Sandra Oh shines in “Umma”, a compelling, if flawed, supernatural tale of generational trauma — short on scares, but big on ideas.
Umma is a film with big ideas; heady, meaningful, and interesting ideas. Unfortunately, it falls short of being exceptional, despite its thought-provoking storyline and powerful acting talent. It’s a flawed film, but there’s a lot to love about it nonetheless.
William Shakespeare is often quoted as saying, “Expectation is the root of all heartache.”
While the Bard may or may not have uttered those famous words (it’s up for debate), the sentiment rings mightily true. I would also argue that expectation is the root of many a bad horror movie-watching experience.
So, let’s get one thing out of the way up front, lest a false expectation ruins your enjoyment of this film.
Umma is not that scary, at least not in the traditional sense of the word. It is horrifying in concept, but the execution is much more dramatic in nature — atmospheric and unsettling, but never “jump out of your seat” scary.
This is a film, like the remarkable Relic and the much more frightening Hereditary, that deals with issues of generational trauma.
Umma tells the story of Amanda (Sandra Oh), an abuse survivor who lives off the grid with her teenage daughter, Chrissy (Fivel Stewart). Though the two are about as close as mother and daughter can be, Amanda keeps the dark secrets of her past closely guarded — living in constant fear of becoming the monster she viewed her own Umma (the Korean word for mother) to be.
Amanda is terrified of electricity. As a result, she and her daughter live without modern conveniences. Chrissy thinks her mom has a rare illness that causes her to get sick around electricity. But the source of her phobia is much more sinister.
One day, Amanda’s uncle arrives from Korea to inform Amanda that her mother has died. He scolds Amanda for letting her mother die alone — the two have been ostracized for years — then leaves her with Umma’s ashes and instructions for putting her mother’s soul to rest.
But Amanda has left behind her Korean heritage, disavowing the superstitious beliefs of her ancestors. Thus, she ignores her uncle’s warnings. Of course, that’s a dangerous mistake that results in her mother haunting Amanda and threatening to destroy all she holds sacred.
As Umma begins to make her presence more and more known, in increasingly unsettling ways, Amanda is plagued by memories of abuse she suffered at the hands of her mother. Traumatized, she refuses to do the one thing that will appease her mother’s vengeful spirit: properly honor her in death.
By refusing to face the pain of her past — refusing to tell her daughter anything about her own mother or the suffering she caused Amanda — and refusing to move past it, she feeds Umma’s rage and allows her spirit to slowly consume Amanda.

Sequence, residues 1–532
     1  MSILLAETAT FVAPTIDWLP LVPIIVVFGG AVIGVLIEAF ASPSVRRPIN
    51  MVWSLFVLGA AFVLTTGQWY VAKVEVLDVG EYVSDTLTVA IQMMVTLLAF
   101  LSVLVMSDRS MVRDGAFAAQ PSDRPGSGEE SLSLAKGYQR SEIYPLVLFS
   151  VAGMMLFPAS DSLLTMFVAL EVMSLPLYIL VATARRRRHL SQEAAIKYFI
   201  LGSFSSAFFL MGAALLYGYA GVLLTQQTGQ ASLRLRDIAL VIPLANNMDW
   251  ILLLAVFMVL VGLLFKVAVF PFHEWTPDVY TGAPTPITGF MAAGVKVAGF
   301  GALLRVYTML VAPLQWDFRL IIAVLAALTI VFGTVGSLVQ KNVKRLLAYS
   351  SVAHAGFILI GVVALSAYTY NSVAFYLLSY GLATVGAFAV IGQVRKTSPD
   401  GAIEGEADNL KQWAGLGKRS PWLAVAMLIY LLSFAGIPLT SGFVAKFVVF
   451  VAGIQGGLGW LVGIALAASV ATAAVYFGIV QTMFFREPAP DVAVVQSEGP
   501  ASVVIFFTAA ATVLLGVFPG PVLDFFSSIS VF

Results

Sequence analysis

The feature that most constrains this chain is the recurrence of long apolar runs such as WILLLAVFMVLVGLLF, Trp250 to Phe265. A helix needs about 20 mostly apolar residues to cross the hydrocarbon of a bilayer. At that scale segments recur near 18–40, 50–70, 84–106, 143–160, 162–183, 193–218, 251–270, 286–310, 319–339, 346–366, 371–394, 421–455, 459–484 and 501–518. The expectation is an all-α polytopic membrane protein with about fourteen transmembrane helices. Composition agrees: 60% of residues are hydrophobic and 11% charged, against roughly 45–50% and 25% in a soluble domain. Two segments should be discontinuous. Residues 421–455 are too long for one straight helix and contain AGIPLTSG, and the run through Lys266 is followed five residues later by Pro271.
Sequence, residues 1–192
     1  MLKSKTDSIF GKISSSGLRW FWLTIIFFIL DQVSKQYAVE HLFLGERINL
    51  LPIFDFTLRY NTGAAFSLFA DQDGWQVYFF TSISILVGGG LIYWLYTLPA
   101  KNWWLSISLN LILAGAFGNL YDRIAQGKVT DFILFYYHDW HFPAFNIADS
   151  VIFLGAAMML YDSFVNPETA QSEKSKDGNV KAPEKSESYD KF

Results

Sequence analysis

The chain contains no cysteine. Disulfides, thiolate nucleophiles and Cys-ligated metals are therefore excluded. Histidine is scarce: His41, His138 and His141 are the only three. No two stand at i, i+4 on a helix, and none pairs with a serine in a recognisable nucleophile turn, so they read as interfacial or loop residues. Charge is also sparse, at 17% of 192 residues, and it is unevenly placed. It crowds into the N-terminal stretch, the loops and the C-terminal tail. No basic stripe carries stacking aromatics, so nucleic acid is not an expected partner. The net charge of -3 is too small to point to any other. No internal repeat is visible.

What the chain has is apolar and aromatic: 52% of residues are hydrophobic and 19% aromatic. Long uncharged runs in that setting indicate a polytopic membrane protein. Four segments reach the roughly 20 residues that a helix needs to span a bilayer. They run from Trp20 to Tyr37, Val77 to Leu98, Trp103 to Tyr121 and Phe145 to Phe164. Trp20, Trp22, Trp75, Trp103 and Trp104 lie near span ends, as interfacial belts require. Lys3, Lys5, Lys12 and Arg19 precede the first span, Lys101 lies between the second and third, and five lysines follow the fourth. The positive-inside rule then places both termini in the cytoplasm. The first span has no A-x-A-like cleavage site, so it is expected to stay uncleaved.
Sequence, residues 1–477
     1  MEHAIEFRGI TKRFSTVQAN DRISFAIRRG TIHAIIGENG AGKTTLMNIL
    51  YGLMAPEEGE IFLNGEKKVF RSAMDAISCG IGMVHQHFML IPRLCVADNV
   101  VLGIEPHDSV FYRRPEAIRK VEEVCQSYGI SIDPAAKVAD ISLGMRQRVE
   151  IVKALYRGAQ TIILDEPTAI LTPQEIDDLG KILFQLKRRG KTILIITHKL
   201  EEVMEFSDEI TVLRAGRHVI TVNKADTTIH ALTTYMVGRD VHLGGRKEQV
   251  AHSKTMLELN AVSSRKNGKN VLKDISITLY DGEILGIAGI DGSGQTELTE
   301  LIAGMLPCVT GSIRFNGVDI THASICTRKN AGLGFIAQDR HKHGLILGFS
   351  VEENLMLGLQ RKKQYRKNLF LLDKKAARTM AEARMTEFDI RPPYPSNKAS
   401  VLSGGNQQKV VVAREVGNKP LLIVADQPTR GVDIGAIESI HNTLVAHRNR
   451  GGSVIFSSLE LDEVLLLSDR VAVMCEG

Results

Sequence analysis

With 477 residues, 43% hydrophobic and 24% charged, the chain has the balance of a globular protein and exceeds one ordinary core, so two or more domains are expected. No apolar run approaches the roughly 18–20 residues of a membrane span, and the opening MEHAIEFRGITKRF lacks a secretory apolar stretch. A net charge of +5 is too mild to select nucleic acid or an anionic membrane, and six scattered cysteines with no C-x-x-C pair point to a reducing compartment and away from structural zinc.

This threatens to turn Amanda into that which she most fears, becoming a literal embodiment of the woman she swore she’d never be like.
Written and directed by Iris K. Shim in her first feature, Umma is a highly ambitious film that tackles a lot in its brief runtime.
It’s about the way we carry and pass on, often unintentionally, trauma from one generation to the next.
UMMA deals with guilt, the hardships of trying to assimilate into a new culture, the relationship between immigrants and their first-generation children, the struggle for identity, and the hurt and healing associated with forgiveness.
I loved the fact that the film does not treat pain as an excuse for abuse. There’s a very real empathy and understanding associated with Umma’s horrible behavior — she was a victim before she was a victimizer — but she is not absolved of guilt and responsibility for her crimes. We can feel for her without letting her off the hook.
Pain often begets pain, but it doesn’t justify it.
Sandra Oh is every bit as good as you’d expect from an actress of her caliber. Stewart is equally impressive, and their mother-daughter relationship feels authentic and believable. Odeya Rush is also excellent as a teen visiting from out-of-town who befriends the lonely Chrissy and helps her balance her desire to become her own person while being a good daughter.
As I mentioned earlier, Umma is not perfect.
Though the dramatic aspects are compelling, the film doesn’t really nail the supernatural scares. And horror fans who show up for a spookfest produced by horror icon Sam Raimi are likely to be disappointed.
While some scenes really work, others fall flat. The editing isn’t as strong as it could be, and it languishes a bit, even at under 90 minutes.
Ultimately, it’s hard not to think the potential for a much more impactful film lies just beneath the surface of this pretty good, but not quite great film.
Still, flaws aside, Umma has plenty to offer, especially for those who relate to its themes of trauma and the desperate battle to keep pain from consuming you. This film swings for the fences. And while it doesn’t quite knock it out of the park, there’s a depth and beauty here that should be celebrated.
We need more films like this — films that offer diversity in content and casting; films that explore stories we don’t often get from the perspective of people who don’t often have their stories told. And that definitely deserves to be celebrated.
Umma wasn’t everything I hoped it would be (damn those expectations), but Shim shows tremendous promise with this debut and has landed on my “ones to watch” list.